This article was originally published by Radio Free Europe/Radio Liberty and is reprinted with permission.
Top U.S. intelligence and law enforcement officials have joined together to warn Americans about attempts by Russia, Iran, and other foreign “adversaries” to interfere with next year’s presidential election.
“Our adversaries want to undermine our democratic institutions, influence public sentiment, and affect government policies,” the leaders of President Donald Trump’s administration on security matters said in a joint statement released on November 5.
“Russia, China, Iran, and other foreign malicious actors all will seek to interfere in the voting process or influence voter perceptions,” they added.
U.S. officials have in the past warned that Russia, Iran, and other countries could attempt to influence the result of the November 2020 presidential vote.
Moscow and Tehran have repeatedly denied the allegations.
Russia has also rejected accusations it had interfered in the 2016 U.S. presidential election.
The latest statement was released by Attorney General Bill Barr, Defense Secretary Mark Esper, acting Homeland Security Secretary Kevin McAleenan, acting Director of National Intelligence Joseph Maguire, FBI Director Christopher Wray, U.S. Cyber Command commander and National Security Agency Director General Paul Nakasone, and Cybersecurity and Infrastructure Security Agency Director Christopher Krebs.
They said interference in next year’s election could be accomplished through “social media campaigns, directing disinformation operations, or conducting disruptive or destructive cyberattacks on state and local infrastructure.”
The statement added that at this point, there was “no evidence of a compromise or disruption to election infrastructure that would enable adversaries to prevent voting, change vote counts, or disrupt the ability to tally votes.”
To be prepared, there is now an “unprecedented level of coordination” between the U.S. government and officials in all 50 states, as well as people in the private sector to “identify threats, broadly share information, and protect the democratic process,” it said.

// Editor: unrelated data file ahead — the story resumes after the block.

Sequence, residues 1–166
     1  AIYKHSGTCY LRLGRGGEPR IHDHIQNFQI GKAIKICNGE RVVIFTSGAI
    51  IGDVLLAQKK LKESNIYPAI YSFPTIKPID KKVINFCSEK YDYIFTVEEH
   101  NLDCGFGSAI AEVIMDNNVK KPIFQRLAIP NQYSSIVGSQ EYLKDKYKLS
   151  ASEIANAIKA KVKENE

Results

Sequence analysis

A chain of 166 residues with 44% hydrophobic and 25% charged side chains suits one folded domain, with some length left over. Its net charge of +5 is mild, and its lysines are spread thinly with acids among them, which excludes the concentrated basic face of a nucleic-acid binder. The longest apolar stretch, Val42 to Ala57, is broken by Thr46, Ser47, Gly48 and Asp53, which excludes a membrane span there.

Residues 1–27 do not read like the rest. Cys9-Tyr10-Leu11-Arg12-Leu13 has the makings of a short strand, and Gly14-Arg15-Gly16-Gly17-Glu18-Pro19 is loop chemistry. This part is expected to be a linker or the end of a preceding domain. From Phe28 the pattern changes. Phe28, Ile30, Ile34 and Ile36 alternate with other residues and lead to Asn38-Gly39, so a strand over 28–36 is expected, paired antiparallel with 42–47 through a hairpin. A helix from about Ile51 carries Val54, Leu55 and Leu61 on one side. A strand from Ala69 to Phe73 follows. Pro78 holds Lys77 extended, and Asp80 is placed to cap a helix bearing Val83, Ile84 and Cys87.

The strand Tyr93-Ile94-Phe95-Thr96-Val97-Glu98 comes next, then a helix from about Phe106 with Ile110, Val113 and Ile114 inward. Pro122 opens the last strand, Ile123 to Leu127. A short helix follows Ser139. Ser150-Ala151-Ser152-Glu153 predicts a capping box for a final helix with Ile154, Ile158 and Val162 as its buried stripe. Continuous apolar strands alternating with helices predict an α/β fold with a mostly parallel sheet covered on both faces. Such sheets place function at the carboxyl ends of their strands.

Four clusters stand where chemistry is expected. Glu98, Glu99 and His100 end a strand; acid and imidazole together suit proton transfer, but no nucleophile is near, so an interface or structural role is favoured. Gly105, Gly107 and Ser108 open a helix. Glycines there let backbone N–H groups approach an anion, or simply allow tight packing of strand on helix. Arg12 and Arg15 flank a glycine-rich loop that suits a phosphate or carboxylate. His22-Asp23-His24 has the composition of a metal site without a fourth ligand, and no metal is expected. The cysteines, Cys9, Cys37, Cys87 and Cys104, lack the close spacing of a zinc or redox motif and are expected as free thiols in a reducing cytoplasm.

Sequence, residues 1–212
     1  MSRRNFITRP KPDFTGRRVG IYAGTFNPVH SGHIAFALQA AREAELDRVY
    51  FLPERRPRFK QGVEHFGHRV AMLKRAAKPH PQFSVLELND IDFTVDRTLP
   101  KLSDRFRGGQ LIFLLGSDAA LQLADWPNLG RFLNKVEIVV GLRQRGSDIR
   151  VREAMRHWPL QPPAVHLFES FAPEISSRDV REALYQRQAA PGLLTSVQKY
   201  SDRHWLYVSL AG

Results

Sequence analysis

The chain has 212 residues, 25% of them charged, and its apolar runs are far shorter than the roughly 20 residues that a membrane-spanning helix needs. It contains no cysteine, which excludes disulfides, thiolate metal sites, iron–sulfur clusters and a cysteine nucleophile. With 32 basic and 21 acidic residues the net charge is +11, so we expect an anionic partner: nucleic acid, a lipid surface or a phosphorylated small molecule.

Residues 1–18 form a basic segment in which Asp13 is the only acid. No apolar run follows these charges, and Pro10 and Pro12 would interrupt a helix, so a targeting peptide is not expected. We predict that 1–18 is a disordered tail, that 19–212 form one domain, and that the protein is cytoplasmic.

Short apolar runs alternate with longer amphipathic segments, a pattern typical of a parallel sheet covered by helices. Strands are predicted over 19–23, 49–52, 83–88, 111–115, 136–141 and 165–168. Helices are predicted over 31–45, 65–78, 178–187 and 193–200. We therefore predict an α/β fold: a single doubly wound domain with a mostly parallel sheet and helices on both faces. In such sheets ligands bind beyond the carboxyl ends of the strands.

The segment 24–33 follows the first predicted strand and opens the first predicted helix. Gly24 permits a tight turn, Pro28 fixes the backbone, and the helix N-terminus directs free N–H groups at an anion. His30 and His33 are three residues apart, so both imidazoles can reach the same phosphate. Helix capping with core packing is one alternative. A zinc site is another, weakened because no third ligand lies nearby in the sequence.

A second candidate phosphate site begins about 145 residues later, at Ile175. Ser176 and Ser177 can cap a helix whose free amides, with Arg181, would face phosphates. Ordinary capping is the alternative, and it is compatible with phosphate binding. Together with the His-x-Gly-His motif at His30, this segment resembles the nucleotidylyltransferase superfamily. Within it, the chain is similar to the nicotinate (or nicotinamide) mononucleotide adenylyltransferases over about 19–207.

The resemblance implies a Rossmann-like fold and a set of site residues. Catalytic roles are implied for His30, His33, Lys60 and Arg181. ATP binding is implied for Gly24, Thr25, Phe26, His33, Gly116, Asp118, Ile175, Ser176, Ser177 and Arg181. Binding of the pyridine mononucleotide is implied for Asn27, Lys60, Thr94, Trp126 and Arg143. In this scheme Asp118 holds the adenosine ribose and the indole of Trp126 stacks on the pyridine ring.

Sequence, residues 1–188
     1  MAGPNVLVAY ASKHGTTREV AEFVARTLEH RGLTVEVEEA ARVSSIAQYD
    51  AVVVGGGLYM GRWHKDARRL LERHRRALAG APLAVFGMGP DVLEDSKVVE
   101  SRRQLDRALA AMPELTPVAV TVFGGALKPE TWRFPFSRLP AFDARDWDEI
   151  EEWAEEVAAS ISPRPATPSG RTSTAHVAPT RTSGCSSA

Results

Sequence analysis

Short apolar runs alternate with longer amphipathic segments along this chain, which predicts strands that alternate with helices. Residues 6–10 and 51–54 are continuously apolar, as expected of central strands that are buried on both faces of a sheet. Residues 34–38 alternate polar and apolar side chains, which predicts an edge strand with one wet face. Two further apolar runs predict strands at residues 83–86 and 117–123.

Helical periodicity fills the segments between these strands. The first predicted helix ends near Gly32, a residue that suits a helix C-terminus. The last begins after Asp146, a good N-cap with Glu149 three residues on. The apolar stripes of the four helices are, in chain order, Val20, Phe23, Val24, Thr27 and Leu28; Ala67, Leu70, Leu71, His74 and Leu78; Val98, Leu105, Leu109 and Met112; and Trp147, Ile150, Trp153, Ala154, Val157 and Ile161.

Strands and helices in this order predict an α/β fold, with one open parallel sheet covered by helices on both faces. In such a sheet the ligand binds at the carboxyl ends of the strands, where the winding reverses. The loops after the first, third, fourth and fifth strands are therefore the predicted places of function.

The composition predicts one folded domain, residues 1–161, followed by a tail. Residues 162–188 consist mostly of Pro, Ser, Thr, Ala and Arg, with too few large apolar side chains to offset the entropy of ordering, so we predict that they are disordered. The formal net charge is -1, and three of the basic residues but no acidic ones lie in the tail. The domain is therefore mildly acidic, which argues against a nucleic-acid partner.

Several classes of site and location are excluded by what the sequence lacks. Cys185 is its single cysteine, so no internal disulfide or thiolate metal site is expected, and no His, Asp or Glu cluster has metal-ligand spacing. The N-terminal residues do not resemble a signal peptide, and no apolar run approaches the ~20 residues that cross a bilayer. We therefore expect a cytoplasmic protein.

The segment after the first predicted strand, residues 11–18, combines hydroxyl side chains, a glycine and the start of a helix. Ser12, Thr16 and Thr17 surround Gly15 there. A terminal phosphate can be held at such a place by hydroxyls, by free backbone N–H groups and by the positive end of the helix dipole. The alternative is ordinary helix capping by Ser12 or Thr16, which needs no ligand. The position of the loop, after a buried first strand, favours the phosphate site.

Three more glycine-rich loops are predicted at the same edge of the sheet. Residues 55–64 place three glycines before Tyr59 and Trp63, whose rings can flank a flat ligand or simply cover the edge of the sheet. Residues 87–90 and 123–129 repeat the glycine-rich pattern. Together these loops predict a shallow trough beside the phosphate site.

The statement urged Americans to “go to trusted sources for election information, such as their state and local election officials” and to “report any suspicious activity” to the authorities.
The heads of the national security agencies offered a similar warning ahead of the 2018 U.S. midterm elections.
After the vote, then-Director of National Intelligence Dan Coats said that Russia, China, Iran, and other foreign powers sought to influence voters, but there were no signs that the election results were compromised by the attempts.
In January 2017, U.S. intelligence agencies concluded that Russia interfered in the 2016 presidential election.
In his report released in April, former Special Counsel Robert Mueller said there was a “sweeping and systematic” effort by Russia to sway the vote, utilizing e-mails hacked from Democratic Party officials and a social media campaign to spread disinformation.
The Senate Intelligence Committee in July this year concluded that election systems in all 50 states were targeted by Russia in the 2016 election.